Product tankers in Asia to keep benefiting from Australian demand
Product tankers and more specifically, MRs are to keep benefiting from increasing demand from Australia. In its latest weekly report, shipbroker said that “in recent years, Australia’s refining sector has undergone a profound structural shift. Refinery rationalisation and Covid-19 related demand pressure led to the closure of several struggling refineries, following a prolonged downward trend. Recognising the implications for national security, the Australian Government intervened to keep the nation’s two remaining refineries – Lytton (109 kbd) and Geelong (120 kbd) in operation until at least 2027. Still, declining refining runs have driven a significant increase in Australian CPP imports since mid-2020 as the need to replace this lost refinery output ramped up, lending support to the regional MR market, with growing trade both from SE Asia and the Far East”.
Capesize market keeps improving, albeit at a slower pace
The Capesize lifted $2,401 for its time charter average on Tuesday, but failed to keep up the uprising trend throughout the week. It closed at $15,867, which is still an improvement week-on-week. The Atlantic basin cooled off in the middle of the week with limited cargoes lending further support. The fronthaul run eventually slipped beneath $30,000 on Friday. In the Pacific, the backhaul run was one step away from coming back to positive territory and is currently marked at -$333. The west Australia to Qingdao run climbed above $9, but soon declined back to the mid/high $8s. Coal from east Australia to China appeared active, with some paying close to $20,000 for a round trip at one stage. It proved to be a muddling week for the Panamax market, which started out positively for owners but ends on something of a tepid nature.
Tanker rates moved to higher ground last month
The tanker market reached a higher ground during February. According to OPEC’s latest monthly report, “dirty freight rates improved in February, with m-o-m gains in VLCCs and Suezmaxes outpacing declines in Aframaxes. VLCCs picked up from a low base, as renewed demand for long-haul vessels strengthened rates. On the Middle East-to-East route, dirty spot freight rates rose 22 percent m-o-m. Gains in Suezmax spot freight rates earned back some of the previous month’s losses, with rates on the US Gulf Coast-to-Europe route up 18 percent from the previous month. By contrast, Aframax rates declined, although from high levels. Spot freight rates on the intra-Med route decreased by 18 percent m-o-m. Overall, the tanker market remained firm in the first two months of 2023.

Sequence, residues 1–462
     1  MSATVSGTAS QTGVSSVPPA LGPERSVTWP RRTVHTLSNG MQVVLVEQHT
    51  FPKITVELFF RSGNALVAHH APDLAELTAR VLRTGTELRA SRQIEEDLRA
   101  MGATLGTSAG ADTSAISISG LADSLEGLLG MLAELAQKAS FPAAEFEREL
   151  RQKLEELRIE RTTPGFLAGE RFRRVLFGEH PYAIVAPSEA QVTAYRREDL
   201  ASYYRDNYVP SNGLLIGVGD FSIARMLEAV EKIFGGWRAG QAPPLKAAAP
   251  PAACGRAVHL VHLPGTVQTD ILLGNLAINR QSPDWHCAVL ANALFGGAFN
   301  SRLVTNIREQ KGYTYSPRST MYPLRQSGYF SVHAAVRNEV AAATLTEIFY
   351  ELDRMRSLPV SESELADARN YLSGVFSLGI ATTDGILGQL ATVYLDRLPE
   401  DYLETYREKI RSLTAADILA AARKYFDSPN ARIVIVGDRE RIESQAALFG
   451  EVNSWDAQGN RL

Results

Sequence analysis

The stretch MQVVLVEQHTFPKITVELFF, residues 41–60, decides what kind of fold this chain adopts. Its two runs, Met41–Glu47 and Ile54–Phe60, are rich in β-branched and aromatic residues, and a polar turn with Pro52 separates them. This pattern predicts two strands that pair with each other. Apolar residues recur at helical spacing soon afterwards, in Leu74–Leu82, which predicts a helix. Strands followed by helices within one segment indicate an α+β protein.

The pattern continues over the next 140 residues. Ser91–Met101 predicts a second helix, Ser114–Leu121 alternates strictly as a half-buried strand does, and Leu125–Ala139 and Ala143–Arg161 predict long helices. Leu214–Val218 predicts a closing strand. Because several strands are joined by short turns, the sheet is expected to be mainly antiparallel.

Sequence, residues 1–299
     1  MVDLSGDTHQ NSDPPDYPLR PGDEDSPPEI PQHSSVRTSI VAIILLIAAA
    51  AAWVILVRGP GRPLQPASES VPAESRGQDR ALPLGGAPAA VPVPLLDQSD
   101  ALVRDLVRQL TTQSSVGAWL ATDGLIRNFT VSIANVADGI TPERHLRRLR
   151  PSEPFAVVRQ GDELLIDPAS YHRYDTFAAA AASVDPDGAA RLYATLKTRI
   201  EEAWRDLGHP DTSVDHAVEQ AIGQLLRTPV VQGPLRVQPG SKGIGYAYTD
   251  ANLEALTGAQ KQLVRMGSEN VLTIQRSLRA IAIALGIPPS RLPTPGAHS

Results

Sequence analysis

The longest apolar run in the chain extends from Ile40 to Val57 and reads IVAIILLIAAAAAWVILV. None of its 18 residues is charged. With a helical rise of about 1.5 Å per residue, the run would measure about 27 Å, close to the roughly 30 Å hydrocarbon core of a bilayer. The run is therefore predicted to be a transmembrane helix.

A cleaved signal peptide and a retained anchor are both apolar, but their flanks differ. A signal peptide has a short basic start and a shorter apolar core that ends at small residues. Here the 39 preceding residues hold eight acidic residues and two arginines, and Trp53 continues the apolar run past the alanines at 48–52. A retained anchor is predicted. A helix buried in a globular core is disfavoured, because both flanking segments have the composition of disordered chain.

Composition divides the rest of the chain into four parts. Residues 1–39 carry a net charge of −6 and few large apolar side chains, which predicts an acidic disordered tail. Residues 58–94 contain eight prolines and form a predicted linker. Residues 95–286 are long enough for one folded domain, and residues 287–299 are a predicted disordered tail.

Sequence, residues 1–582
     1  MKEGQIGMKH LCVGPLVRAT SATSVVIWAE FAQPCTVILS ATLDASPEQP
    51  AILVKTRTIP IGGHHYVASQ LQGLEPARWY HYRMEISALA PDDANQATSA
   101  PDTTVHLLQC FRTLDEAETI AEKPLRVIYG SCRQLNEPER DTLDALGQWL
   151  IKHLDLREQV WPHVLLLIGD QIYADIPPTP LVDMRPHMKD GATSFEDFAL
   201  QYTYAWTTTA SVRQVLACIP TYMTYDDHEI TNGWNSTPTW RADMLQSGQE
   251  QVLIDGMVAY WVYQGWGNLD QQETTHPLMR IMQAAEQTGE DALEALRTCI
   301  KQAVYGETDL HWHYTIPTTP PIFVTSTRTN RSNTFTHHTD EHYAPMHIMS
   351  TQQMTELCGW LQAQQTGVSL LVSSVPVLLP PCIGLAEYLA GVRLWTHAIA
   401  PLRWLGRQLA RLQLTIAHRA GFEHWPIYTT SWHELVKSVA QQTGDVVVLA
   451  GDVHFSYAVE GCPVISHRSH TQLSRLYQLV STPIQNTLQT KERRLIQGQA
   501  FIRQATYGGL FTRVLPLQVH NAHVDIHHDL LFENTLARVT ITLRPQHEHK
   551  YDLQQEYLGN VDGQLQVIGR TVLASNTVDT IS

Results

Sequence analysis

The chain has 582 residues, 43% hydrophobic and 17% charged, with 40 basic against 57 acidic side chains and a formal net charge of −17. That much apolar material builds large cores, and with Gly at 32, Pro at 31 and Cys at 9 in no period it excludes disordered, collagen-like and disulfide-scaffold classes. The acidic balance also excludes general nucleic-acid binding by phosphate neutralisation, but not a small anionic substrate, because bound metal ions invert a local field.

Vesselsvalue: Russian LNG exports to Europe remain high
Russian LNG exports to Europe remained at very high levels in February at 3.6 million CBM, following a 13 month high in January of 4.1 million CBM. Last month, Belgium imported the largest amount of Russian LNG, accounting for 38 percent of imports to the EU, while Spain ranked second with a share of c.23.9 percent, followed closely by France with c.23.8 percent. Currently, there are no sanctions on Russian LNG imports. Despite this, there has been a strong push to source energy from other countries since the start of the conflict with Ukraine last year. Amidst the backdrop of an energy supply crunch, exports from Russia have remained relatively unchanged.
Second hand vessel deals down 50pc so far this year
The second hand market for ships has declined to just $7 billion, versus $13.5 billion in the same period of 2022. In its latest weekly report, shipbroker said that “the global economy is holding its breath as two American banks, Silicon Valley Bank & New York’s Signature Bank collapsed withing the past three days. US authorities raced on Sunday to stem jitters about the health of the nation’s financial system, pledging to fully protect all depositors’ money while also giving any banks squeezed for cash easier terms on short-term loans. Authorities are aiming to strengthen confidence in the banking sector and avoid any spill over effects. How and for how long these collapses will affect economy and whether there will be aftereffects for the shipping industry and finance are yet to be seen”.
Think bigger: learning organisations
The ‘VUCA’ (volatile, uncertain, complex, ambiguous) environment has been exacerbated by the lingering Covid-19 pandemic, the ongoing war in Ukraine and the fast pace of technological development in an increasingly competitive environment. At the same time, the maritime industry needs to ramp up its decarbonisation efforts, and individuals and organisations alike must ensure they have the clarity and agility to meet current and future challenges. While uncertainty prevails on decarbonisation and alternative fuels, the ‘future’ is also here in the sense that seafarers already need training in the safe handling and storage of a range of new fuels.
Dry bulk: larger vessels in high demand
Larger dry bulk carriers have been in high demand among shipowners lately. In its latest weekly report, shipbroker said that “off the back of orders for four Ultramax vessels last week, another three were reportedly ordered at the same yard, Nantong Xiangyu Shipbuilding, by Indonesian firm Tanto Intim Line. Ultramax vessels have accounted for over half of dry bulk newbuildings so far this year and is a part of the trend among owners for vessels for larger vessels within the smaller size segments. Over 2023 and 2024, over 70 percent of deliveries of these vessels will be for Ultramaxes, around 10 percent for Supramaxes and roughly 20 percent Handymaxes.